Walking Out of the Chaos Alive

Matthew 6: 25 – 34;  7: 24 – 25

This paragraph is from the most important talk Jesus would ever give. In Matthew it is described as being given on the side of a hill. Some people refer to it as the “sermon on the mountain.”  It was, with little doubt, given many other times in all kinds of settings; by the lake, from a boat, in a wheat field. Jesus spoke these words so often that his closest friends had memorized them without even trying.

This paragraph may be said to be a central injunction to the most revolutionary ethical document ever written or spoken. Here is the core: Seek first the kingdom of God and his righteousness and everything else will be added to your life. Everything else will take care of itself. Everything else will fall into place.

I want to attach this astonishing promise to one of the starkest realities of our existence.  That reality is that everyone of us, either by a choice or by circumstances beyond our control, often find ourselves in the pain and anxiety of just being alive. Life tilts too far to one side and we fall onto the granular pavement. Someone leaves and we sink into despair. The doctor delivers the test results in quiet whispers. In an instant we are in chaos not even knowing where we are, or worse, who we are.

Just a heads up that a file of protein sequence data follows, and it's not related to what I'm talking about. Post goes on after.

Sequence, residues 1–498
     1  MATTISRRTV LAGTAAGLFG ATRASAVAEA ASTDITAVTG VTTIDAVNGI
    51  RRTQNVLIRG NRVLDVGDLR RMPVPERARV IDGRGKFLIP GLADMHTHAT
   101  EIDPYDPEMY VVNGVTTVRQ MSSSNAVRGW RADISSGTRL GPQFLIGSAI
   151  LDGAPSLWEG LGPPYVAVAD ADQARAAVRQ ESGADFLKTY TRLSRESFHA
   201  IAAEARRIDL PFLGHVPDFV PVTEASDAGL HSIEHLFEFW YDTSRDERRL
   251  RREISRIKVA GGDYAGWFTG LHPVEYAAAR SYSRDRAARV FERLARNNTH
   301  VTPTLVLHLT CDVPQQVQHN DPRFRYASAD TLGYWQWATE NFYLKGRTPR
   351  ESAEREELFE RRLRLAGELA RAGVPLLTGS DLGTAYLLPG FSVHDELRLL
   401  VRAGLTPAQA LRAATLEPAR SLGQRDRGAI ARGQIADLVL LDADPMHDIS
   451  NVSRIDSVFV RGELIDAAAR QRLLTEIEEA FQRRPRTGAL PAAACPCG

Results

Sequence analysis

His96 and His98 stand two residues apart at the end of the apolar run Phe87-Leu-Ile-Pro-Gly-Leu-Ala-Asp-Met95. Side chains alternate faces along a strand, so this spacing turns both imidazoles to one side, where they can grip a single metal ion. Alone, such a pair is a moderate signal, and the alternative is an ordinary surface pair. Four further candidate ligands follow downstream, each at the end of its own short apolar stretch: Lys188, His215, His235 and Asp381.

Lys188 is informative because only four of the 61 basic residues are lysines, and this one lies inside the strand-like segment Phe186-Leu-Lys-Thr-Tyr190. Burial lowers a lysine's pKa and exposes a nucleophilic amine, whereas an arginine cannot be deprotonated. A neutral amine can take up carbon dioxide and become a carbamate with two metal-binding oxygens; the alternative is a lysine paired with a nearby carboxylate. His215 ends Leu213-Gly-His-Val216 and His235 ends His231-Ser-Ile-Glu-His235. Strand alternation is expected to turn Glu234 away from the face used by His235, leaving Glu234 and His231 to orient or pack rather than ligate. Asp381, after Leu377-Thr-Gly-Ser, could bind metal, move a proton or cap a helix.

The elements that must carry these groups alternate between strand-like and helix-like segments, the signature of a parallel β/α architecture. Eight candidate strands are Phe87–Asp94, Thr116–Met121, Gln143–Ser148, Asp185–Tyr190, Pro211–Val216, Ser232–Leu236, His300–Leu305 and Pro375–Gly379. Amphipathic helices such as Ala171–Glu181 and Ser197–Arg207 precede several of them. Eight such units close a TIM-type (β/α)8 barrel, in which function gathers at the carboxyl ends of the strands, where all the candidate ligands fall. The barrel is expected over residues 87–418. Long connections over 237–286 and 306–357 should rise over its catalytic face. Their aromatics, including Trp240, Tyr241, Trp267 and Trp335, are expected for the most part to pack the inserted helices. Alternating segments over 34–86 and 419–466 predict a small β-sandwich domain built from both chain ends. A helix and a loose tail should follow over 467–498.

So we ask, “Jesus, what good is it that after spending all this time seeking the highest order of good that we can imagine that we still end  up as the protagonist in a tragedy?”  It is a gut-wrenching question but appropriate to a life of faith. And Jesus has an answer that is so real, so staggeringly hopeful that we sob in gratitude. “Those who hear these words and do what I have asked will become like a man who built his house upon a rock. And the rains came. The tidal waters rose to beat upon the house. The winds blew furiously against it.  But guess what? The house did not fall. It did not fall because it was built upon a rock.”

If you want to walk out of the chaos alive then you’ll want to listen intently to the counsel of Jesus, and then do it.  It’s a rock-solid place to stand.

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